OP12 A population approach to the health and future prospects of young carers in glasgow

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Abstract

Background

There is a lack of public health evidence on the impacts of being a young carer, with most evidence based on studies involving already identified carers. Young carers tend to have poorer health, education and employment outcomes compared with their peers. They are also more likely to live in areas with higher deprivation levels, and with a lone parent or adult(s) with long-term health conditions, all of which are disproportionately present in Glasgow.

Background

From April this year, local authorities and health boards across Scotland will be required to offer a ‘young carers’ statement, as stipulated by the Carers Act (2016).

Background

Using data from a schools survey (age range 11–18) in Glasgow, the research aimed to take a population approach to young carer research, specifically to:

Methods

Secondary analysis of the 2014 NHS Greater Glasgow & Clyde health and wellbeing secondary school survey was undertaken (n=11,215). Pupils with caring responsibilities were identified. Their outcomes in terms of physical and mental health, and post-school expectations were analysed, using three-stage complete case regression analysis in SPSS.

Results

Almost one in eight (12%) surveyed reported caring for someone in the household. Almost a third (30.9%) stated that no-one knew about it. Over half cared for someone with a disability, a third for someone with a long-term condition, almost a quarter for someone with a mental health problem, and just over a tenth for someone with a drug or alcohol problem.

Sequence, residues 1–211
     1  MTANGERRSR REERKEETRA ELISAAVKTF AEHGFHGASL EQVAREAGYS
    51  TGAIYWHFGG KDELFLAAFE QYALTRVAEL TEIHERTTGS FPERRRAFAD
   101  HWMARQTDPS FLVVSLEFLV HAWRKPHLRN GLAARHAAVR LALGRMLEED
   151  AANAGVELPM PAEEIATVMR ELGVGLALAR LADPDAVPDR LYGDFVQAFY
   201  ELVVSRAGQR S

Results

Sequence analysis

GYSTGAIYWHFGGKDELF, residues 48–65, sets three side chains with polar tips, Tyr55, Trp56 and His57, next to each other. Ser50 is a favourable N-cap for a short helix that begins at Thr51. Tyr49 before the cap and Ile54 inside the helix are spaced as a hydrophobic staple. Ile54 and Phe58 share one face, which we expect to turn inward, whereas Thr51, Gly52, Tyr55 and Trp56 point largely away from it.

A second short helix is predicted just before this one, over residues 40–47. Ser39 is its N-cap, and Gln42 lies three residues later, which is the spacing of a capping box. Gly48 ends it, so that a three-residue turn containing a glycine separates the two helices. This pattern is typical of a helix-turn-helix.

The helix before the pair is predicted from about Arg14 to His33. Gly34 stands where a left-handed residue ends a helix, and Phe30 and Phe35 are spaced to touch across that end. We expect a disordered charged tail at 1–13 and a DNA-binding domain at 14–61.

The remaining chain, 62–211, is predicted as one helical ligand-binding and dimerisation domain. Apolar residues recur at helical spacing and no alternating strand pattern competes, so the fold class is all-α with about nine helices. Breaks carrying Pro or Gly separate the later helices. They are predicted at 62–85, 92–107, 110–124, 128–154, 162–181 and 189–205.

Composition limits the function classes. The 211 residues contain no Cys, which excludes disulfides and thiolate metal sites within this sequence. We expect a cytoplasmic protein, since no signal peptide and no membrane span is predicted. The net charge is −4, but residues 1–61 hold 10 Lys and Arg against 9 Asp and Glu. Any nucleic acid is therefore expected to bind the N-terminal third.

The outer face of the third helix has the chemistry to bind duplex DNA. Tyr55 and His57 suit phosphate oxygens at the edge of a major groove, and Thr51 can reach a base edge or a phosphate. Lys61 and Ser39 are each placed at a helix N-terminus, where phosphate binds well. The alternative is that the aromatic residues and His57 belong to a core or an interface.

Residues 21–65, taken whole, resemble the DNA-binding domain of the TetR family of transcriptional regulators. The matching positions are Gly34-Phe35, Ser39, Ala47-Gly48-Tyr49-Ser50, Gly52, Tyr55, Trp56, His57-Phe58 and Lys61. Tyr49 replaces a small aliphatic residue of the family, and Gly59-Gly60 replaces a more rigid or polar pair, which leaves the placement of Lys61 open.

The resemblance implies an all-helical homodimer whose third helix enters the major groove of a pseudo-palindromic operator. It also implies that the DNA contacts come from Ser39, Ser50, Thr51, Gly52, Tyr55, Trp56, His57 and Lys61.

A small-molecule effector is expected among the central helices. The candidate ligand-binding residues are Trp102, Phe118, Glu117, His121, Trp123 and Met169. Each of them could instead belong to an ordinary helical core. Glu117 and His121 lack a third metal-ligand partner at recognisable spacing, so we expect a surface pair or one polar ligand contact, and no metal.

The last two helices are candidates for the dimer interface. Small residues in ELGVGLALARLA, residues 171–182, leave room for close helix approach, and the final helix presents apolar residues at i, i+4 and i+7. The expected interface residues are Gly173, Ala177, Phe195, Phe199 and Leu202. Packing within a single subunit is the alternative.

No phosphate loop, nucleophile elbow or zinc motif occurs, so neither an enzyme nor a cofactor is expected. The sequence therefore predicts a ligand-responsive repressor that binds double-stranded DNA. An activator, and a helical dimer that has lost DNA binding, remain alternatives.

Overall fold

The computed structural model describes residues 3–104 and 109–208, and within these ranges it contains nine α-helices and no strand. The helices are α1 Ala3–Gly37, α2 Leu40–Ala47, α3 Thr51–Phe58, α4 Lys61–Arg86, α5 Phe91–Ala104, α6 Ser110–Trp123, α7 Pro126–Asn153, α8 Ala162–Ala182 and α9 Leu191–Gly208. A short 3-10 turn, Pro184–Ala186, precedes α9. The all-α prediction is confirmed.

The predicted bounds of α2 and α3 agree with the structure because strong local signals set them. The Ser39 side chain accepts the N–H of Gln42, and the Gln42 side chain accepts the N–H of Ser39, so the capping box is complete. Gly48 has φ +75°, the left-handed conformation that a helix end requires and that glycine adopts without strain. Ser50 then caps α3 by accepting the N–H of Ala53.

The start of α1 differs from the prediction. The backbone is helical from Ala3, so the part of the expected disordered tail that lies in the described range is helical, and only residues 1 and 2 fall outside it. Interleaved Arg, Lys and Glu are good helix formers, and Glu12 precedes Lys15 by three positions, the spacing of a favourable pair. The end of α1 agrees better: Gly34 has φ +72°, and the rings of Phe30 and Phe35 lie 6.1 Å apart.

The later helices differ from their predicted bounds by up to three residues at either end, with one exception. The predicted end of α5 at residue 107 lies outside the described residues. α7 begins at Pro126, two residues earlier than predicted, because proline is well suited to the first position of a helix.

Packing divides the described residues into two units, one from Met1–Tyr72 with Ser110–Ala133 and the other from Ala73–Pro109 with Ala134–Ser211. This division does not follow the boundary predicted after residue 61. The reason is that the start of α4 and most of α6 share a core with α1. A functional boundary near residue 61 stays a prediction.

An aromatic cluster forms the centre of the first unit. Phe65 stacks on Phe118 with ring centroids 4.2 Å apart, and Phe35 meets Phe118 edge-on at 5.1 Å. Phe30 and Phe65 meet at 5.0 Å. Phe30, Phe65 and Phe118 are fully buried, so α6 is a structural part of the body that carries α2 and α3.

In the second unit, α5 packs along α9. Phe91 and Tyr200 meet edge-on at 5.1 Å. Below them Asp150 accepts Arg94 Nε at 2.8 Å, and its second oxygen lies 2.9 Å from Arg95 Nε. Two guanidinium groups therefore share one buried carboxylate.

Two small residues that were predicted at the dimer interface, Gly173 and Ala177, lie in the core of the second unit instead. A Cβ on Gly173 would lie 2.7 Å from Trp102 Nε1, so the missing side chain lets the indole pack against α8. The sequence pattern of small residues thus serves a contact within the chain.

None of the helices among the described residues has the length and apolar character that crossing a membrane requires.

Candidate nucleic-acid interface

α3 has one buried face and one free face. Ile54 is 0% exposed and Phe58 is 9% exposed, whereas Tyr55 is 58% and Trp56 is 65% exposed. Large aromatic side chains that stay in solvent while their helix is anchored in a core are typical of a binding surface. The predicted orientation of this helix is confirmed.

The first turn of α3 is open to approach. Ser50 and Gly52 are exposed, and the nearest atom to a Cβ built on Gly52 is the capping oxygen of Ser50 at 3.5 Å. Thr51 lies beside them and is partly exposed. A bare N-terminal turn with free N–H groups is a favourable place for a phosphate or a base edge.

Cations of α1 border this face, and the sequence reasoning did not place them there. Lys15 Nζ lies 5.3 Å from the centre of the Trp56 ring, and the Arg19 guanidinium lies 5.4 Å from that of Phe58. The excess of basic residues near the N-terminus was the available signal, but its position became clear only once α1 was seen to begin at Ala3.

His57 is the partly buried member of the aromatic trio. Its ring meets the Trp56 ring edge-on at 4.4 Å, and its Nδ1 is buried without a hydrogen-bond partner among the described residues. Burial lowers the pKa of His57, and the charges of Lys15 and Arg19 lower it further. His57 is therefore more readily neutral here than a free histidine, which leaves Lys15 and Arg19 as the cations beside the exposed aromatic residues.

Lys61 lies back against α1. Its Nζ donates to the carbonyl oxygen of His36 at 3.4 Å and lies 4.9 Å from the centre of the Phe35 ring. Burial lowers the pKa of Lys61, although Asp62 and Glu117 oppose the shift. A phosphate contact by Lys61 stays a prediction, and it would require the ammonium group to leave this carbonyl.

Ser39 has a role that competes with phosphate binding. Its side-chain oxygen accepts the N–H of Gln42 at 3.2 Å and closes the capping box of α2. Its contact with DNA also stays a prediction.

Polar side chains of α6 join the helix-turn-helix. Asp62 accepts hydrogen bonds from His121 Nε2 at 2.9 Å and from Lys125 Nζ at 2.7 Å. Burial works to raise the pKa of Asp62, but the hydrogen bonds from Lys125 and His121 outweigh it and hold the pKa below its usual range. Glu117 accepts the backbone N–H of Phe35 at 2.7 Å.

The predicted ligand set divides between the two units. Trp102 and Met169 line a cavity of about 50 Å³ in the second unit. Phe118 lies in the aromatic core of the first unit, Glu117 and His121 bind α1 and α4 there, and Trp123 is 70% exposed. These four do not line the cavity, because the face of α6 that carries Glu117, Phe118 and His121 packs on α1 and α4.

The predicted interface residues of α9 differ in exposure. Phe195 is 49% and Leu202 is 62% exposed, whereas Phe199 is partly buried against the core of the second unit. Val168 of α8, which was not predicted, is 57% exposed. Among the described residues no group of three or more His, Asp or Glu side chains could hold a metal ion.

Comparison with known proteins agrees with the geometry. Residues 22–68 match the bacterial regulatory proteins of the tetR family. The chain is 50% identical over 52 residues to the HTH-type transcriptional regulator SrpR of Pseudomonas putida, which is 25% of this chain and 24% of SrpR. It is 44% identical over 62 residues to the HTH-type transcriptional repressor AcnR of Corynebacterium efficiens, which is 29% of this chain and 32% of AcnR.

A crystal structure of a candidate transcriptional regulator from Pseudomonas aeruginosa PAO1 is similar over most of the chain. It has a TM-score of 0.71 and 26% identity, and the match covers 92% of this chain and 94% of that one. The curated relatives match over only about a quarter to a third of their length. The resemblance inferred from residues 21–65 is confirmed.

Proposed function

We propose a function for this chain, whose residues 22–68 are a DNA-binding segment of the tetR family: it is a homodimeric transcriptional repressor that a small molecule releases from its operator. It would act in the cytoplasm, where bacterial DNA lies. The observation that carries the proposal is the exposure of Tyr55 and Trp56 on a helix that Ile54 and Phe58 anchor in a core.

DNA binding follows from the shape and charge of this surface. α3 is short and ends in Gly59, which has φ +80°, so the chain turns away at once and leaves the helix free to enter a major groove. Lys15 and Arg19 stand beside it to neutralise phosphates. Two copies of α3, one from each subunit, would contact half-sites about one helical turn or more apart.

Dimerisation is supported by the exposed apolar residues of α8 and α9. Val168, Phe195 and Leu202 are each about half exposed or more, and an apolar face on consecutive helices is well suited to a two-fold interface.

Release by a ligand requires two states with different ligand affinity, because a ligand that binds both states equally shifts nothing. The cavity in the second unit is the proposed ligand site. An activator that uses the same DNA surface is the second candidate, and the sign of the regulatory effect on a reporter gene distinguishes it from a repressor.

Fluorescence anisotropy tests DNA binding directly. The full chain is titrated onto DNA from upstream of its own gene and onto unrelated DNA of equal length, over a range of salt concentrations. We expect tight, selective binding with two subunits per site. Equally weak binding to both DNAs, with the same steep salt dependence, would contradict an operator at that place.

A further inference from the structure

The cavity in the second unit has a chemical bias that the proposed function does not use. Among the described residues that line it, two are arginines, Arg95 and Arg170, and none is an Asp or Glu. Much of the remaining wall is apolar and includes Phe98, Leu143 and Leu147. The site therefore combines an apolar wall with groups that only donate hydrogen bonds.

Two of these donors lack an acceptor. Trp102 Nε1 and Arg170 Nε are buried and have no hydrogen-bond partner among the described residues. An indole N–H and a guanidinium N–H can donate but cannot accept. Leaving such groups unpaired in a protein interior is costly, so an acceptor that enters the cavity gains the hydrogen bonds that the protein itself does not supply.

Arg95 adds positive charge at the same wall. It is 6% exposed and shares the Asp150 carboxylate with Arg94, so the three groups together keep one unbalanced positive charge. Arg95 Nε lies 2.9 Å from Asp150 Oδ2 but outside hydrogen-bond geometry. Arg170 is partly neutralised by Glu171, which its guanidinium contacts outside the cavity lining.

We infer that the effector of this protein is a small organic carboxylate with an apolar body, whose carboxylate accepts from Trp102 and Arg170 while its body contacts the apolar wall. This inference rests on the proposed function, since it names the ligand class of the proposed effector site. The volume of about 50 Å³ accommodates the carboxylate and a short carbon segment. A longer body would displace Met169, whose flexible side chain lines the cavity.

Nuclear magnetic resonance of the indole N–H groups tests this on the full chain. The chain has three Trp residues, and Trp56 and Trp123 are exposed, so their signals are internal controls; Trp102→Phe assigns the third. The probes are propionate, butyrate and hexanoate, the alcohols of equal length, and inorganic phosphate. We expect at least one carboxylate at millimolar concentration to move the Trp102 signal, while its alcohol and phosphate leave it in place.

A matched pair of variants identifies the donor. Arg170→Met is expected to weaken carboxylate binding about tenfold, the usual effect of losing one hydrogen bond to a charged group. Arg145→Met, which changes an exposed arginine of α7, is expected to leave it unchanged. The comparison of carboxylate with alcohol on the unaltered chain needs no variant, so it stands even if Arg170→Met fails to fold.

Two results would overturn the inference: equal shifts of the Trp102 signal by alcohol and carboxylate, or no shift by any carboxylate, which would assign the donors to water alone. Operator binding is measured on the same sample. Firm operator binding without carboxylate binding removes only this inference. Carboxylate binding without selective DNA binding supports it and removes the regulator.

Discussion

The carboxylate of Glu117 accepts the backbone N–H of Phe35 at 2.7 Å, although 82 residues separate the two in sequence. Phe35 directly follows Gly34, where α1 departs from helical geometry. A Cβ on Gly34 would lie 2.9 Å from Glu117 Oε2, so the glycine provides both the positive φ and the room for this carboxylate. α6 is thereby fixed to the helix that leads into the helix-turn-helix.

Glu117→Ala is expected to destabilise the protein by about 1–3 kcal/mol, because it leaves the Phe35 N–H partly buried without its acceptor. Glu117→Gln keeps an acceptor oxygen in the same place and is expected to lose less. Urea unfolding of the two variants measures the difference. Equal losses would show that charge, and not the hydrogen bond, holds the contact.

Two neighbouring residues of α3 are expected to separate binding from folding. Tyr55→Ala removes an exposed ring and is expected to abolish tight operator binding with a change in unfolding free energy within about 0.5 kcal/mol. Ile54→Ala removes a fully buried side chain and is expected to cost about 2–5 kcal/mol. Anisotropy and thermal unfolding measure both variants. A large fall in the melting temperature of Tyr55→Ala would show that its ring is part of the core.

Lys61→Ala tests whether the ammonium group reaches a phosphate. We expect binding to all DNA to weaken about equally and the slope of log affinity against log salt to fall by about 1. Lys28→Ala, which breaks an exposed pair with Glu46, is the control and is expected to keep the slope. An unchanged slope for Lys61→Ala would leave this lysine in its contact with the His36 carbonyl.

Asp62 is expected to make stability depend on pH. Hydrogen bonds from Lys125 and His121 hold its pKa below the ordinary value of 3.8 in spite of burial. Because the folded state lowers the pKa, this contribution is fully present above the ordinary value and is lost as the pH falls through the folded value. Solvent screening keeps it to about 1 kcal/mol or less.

Results

Over and above background factors and presence of illness in the household, young carers physical and mental health outcomes were significantly poorer, particularly for those caring for a person with mental health or addictions issues. They were significantly less likely to see themselves entering further or higher education.

Discussion

This research suggests that Glasgow could have many more young carers than previously thought, and provides clear evidence that young people’s outcomes are influenced by carer status. Possible explanations for under-identification include stigma, fear of intervention and not identifying with the ‘carer’ role.

Discussion

In April, the implementation of new Scottish legislation will place a duty on public services to identify and support young carers. This could present future service challenges, in particular, ensuring that young people feel comfortable enough to disclose their carer status, and that effective support measures contribute towards improving their health outcomes and future prospects.

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